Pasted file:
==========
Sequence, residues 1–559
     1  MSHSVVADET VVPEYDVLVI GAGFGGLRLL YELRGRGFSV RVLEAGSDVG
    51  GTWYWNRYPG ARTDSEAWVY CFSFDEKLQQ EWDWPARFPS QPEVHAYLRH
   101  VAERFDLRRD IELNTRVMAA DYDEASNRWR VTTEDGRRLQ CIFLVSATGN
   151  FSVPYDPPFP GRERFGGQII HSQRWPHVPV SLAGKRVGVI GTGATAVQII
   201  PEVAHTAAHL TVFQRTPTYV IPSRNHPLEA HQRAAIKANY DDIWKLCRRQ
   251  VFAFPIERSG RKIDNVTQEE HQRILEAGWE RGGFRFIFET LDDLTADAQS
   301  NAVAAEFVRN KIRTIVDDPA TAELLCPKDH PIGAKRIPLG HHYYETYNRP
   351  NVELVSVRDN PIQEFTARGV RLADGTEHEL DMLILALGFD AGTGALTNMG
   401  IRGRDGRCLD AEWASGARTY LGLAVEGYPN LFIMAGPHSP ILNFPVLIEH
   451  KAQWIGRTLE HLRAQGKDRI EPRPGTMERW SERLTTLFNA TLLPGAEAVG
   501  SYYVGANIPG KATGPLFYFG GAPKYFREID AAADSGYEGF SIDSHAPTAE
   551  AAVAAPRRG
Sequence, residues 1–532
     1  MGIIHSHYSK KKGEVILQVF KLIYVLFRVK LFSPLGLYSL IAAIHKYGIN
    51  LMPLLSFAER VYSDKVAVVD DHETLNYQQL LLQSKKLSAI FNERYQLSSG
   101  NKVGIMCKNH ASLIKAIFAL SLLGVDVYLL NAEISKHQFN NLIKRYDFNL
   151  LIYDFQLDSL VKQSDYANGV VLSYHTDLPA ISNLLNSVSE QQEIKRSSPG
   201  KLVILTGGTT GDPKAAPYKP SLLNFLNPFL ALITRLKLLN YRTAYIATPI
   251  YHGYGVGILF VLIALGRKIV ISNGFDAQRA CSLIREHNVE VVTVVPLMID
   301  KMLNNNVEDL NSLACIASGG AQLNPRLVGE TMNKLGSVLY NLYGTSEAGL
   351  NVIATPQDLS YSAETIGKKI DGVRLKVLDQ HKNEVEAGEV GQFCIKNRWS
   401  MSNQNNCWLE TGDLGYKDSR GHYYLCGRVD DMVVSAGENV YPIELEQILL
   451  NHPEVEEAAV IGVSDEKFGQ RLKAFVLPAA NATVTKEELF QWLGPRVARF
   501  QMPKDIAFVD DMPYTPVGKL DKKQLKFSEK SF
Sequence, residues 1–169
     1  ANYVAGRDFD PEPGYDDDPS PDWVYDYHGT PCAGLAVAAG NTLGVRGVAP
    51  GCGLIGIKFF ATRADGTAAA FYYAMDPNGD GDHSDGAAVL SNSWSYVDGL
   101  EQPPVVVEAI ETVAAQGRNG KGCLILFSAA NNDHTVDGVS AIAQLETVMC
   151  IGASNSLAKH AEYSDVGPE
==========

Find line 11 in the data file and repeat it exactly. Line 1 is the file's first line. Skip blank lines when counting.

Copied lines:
   451  KAQWIGRTLE HLRAQGKDRI EPRPGTMERW SERLTTLFNA TLLPGAEAVG